Tuesday, June 21, 2011

Welcome to the Thriving Amidst Chaos blog: are you overwhelmed?

I'm pleased, albeit a little intimidated, to start this new blog about the concepts and practices related to personal productivity, organization, time management, and the like.  Dozens of wonderful blogs are available on these topics, but I believe I can offer a distinctive take:

First, I'm a scientist, interested in evidence.  How do we know if making lists really helps?  Is there a real difference between putting to do items on a list versus putting them on your calendar?  And so on.  Empirical evidence is currently scarce -  but my aim is to share with you whatever I find.  If you run across a study, I hope you'll send it to me.

Second, I'm a physician, interested in options.  My approach to clinical practice is to identify all the plausible options, lay out the risks and benefits of each, and then collaborate with my patient to choose a plan.  Every productivity problem has several possible solutions as well.  None is perfect for everyone, but one may be better for you.  I will never say "and you have to do it this way." 

You can read more about me here.

As I was thinking about this first post, I realized that when I encounter a new blog, nine times out of ten, after I read one post I never go back.

So I've decided to give you my most important advice now, in case you never come back: 

You must have an emergency plan for stopping "acute overwhelm."  

Acute overwhelm is that feeling of panic, breathlessness, paralysis when you have so much to do you don't know where to start.  It is a hopeless feeling, and does not lead to much good. 

You can get out of this state of mind using this three step plan:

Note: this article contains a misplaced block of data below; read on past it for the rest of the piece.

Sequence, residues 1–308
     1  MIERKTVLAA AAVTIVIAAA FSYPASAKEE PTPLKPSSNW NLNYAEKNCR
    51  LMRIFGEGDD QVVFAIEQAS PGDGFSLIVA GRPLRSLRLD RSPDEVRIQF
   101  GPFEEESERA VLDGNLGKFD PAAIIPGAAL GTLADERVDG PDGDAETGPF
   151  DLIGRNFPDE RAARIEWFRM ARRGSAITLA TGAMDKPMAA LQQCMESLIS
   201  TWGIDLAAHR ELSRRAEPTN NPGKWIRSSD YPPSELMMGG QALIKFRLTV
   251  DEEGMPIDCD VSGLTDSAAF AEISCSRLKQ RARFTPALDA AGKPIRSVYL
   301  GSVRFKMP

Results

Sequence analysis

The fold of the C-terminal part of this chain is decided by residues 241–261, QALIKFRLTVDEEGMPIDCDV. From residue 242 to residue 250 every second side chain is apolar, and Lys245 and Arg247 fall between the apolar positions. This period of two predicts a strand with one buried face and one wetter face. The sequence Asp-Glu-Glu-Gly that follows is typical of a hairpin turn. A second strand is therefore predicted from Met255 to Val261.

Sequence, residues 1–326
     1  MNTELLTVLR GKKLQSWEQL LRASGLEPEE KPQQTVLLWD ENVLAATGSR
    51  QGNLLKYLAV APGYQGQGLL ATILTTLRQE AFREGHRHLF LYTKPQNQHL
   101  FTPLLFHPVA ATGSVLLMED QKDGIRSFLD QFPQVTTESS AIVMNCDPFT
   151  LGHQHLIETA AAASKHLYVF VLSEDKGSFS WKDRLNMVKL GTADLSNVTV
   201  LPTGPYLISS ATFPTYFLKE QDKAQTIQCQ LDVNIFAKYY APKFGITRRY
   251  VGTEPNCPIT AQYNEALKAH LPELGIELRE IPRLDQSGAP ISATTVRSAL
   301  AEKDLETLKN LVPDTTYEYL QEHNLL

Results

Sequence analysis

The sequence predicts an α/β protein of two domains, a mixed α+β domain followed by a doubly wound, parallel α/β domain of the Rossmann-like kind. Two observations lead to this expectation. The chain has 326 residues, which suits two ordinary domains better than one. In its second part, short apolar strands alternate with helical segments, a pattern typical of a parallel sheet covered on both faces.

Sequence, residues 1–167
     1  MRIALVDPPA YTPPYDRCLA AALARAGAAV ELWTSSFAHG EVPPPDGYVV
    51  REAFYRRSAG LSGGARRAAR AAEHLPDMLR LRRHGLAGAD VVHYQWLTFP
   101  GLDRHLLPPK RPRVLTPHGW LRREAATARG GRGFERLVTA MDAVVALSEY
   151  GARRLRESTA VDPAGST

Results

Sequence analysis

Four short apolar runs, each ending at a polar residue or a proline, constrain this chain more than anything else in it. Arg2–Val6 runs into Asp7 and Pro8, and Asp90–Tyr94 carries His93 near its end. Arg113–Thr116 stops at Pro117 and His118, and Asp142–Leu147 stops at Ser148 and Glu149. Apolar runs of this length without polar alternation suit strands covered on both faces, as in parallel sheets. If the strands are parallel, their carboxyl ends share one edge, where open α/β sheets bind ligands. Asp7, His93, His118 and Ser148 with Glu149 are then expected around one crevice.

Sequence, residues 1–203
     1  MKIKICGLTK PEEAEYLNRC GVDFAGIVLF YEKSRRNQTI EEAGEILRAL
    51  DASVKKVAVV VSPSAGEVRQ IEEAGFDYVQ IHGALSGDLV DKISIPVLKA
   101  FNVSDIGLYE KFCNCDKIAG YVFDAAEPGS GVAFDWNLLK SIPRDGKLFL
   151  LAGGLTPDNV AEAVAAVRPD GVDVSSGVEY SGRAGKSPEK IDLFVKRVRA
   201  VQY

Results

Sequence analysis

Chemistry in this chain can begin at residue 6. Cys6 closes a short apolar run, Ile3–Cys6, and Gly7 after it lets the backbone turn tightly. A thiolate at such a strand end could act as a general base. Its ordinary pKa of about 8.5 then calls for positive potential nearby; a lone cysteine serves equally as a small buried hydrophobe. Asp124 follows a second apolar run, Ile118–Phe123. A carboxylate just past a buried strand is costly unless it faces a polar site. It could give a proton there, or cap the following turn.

Step One. Stop and take a deep breath
Bring your focus quickly back to this moment, using this method which has stood the test of time.

Step Two. Slow down.
This advice seems counter-intuitive. You are behind! You need to go faster! Help!   The problem with going faster is that you usually feel even more scattered, and then you feel worse. Slowing down is more effective. The effect is to block out everything past and future, and to help you focus on what you are doing right now.

Step Three. Complete a task - any task.
Randomly choose a task from your immediate environment and do it.  Then do another.  Soon you will be in rhythm, and you will almost naturally turn toward things that really do need to be done.

Next Steps.  Start using additional simple techniques that will help a prevent recurrence - read this essay Code O: Recovering from overwhelm for more.

If you come back, here is the productivity related content you'll find: 
  • Overviews of the "basics;"  calendars, to do lists, and so on
  • Links to advice from others
  • Book reviews
  • Evidence-based discussions of common recommendations.
  • Responses to your questions -- send them to susan@susanrjohnson.com.  I'll do my best to include all questions, although I may create a composite if I get several on the same topic.
I hope to see you soon.

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